Provider Preparation for Infectious Diseases

Most hospitals and health-care providers have protocols and procedures for contending with infectious diseases, including those creating public-panic, such as the Ebola outbreak. However, when a new crisis hits, many of these protocols may have been forgotten or ignored. This was seen with the Nebraska Medical Center firing two health workers that treated an Ebola patient because they violated the Health Information Portability and Accountability Act (HIPAA). In light of a public health scare, maintaining current policy standards will help limit liability.

 

Beyond existing rules and regulations, with each specific outbreak, both federal and state agencies may update protocols and guidance to contend with the unique nature of that disease. As an example of outbreak specific guidance, in response to Ebola, the Center for Disease Control and Prevention (CDC) issued new guidance on personal protection equipment (PPE) for use in connection with the disease. Other guidance includes new Occupational Safety and Health Act (OSHA) standards, designed to protect the healthcare worker. This was seen at Texas Health Presbyterian Hospital in Dallas, when two nurses were infected with the disease. Failure to properly comply with newly issued, as well as existing, OSHA and CDC regulations may result in significant potential liability both to patients and workers.

 

Although many providers may believe they are properly equipped to handle potential Ebola patients, careful consideration must be paid to the newest guidance and regulations, without forgetting existing policy. Failure to do so could result in significant civil liability. As the examples in Texas and Nebraska teach us, hospital and health-care providers should take extra steps to limit their potential liability.

 

*CDC Guidance: http://www.cdc.gov/vhf/ebola/hcp/procedures-for-ppe.html ; http://www.cdc.gov/vhf/ebola/pdf/hospital-checklist-ebola-preparedness.pdf

*OSHA Guidance: https://www.osha.gov/Publications/OSHA_FS-3756.pdf 

© 2014 Parsonage Vandenack Williams LLC

For more information, Contact Us

Tagged with: , , , ,
Posted in Ambulatory Surgery Centers, Business of Practice of Medicine, Disaster Planning, Healthcare Law, HIPAA

OCR Offers Advice in Advance of Upcoming Audits

By M. Thomas Langan II.

A senior advisor for the Office for Civil Rights (OCR) recently gave health care providers advice on how to prepare for an OCR audit.  Speaking at a HIPAA conference, the advisor said that a provider’s top obligation when audited is to prove that its facility has the proper privacy and security systems in place.  The main way to show this is by previously conducting a comprehensive risk analysis and correcting any shortcomings the analysis might find. The advisor did not provide any updates on when the audits will begin.

© 2014 Parsonage Vandenack Williams LLC

For more information, Contact Us

Tagged with: , ,
Posted in HIPAA

AMA Proposes Medicare Billing Codes for End of Life Consultations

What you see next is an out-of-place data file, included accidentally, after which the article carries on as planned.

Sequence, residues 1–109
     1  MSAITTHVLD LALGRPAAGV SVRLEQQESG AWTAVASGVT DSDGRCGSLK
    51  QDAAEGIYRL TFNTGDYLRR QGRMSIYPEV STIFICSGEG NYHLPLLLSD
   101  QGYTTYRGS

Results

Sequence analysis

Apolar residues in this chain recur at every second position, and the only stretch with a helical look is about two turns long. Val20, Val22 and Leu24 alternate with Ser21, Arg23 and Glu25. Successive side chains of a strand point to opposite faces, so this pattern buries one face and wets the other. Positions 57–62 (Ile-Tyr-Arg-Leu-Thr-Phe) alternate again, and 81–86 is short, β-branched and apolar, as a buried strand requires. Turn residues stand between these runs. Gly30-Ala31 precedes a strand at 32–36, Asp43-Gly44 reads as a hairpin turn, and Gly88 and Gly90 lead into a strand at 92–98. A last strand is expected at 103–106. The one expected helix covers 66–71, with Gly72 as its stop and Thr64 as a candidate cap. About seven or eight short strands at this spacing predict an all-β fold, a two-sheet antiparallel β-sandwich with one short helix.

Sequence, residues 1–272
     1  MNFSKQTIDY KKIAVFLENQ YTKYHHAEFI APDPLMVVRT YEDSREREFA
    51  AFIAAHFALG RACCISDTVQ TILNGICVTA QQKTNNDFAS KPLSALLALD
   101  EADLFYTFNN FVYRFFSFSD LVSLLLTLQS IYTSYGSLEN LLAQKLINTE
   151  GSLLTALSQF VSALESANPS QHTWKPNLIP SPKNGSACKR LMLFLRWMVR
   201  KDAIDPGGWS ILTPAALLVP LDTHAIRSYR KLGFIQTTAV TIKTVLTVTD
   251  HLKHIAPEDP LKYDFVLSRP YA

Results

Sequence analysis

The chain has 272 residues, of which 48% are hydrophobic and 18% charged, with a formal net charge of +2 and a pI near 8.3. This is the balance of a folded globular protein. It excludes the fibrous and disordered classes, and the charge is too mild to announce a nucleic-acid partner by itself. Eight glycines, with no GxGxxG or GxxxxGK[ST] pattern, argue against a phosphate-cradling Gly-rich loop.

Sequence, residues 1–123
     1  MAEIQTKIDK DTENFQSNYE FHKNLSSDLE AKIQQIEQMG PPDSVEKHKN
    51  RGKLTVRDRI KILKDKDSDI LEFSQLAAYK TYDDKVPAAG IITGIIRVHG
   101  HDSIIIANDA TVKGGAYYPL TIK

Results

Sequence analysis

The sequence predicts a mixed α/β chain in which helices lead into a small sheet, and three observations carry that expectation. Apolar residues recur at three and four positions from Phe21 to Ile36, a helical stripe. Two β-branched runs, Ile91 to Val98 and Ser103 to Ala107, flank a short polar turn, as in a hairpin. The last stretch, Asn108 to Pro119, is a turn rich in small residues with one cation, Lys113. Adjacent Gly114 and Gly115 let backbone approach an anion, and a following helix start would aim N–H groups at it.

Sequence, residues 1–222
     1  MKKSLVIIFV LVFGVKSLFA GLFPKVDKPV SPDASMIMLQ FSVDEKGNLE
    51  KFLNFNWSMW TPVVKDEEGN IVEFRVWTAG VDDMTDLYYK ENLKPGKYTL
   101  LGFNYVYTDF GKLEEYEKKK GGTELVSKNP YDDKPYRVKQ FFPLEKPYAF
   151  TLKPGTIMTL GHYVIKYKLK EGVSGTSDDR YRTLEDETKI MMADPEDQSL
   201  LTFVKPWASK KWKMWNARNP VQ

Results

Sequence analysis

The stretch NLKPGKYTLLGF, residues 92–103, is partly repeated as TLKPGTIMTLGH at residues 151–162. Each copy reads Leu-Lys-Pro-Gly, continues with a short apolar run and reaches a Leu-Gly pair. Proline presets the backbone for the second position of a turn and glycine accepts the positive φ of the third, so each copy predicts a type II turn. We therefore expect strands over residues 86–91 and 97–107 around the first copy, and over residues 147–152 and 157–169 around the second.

By Mary E. Vandenack.

Continued efforts by the American Medical Association (“AMA”)  are being made to get physicians paid for consultations related to end of life and advanced care discussions. The Centers of Medicare and Medicaid Services (“CMS”) will review proposed codes submitted by the AMA to determine whether the codes will be included in the 2015 physician fee schedule, expected to be released in November. Various legislation has been  introduced in Congress seeking to get physicians paid for end of life discussions. If CMS includes the codes in its fee schedule, such legislation will become unnecessary.

© 2014 Parsonage Vandenack Williams LLC

For more information, Contact Us

Tagged with: ,
Posted in Coding Issues, Medical Coding

HHS Issues Temporary and Proposed Rules on Contraceptive Coverage

The Department of Health and Human Services (“HHS”) has recently issued rules to address the Supreme Court’s recent Hobby Lobby ruling. Under a temporary final rule, religious nonprofit organizations can notify the government of their objection to providing contraceptive coverage for employees, rather than having to authorize the coverage themselves. The government will then arrange for contraceptive coverage. HHS also issued a proposed rule that would extend similar accommodations to closely-held, for-profit religious employers.

© 2014 Parsonage Vandenack Williams LLC

For more information, Contact Us

Tagged with: ,
Posted in Affordable Care Act, Rulings

Weak Passwords Put Patients’ EHR at Risk

By M. Thomas Langan II.

A recent government report criticized the current electronic health record certification process for failing to require strong passwords.  These vulnerabilities make it easier for hackers to penetrate electronic health record (“EHR”) systems and access patient records.  The report comes amid a study that many patients are reluctant to divulge their information when their physician uses EHR out of fear of their data’s security.  Despite the current lax requirements, it is recommended that all passwords be at least 8 characters long and contain 3 of the following: capital letters, lowercase letters, numbers and special characters and are changed at least monthly.

The government’s report can be found here: http://oig.hhs.gov/oas/reports/region6/61100063.asp

The study can be found here:  http://jamia.bmj.com/content/early/2014/07/24/amiajnl-2014-002804.abstract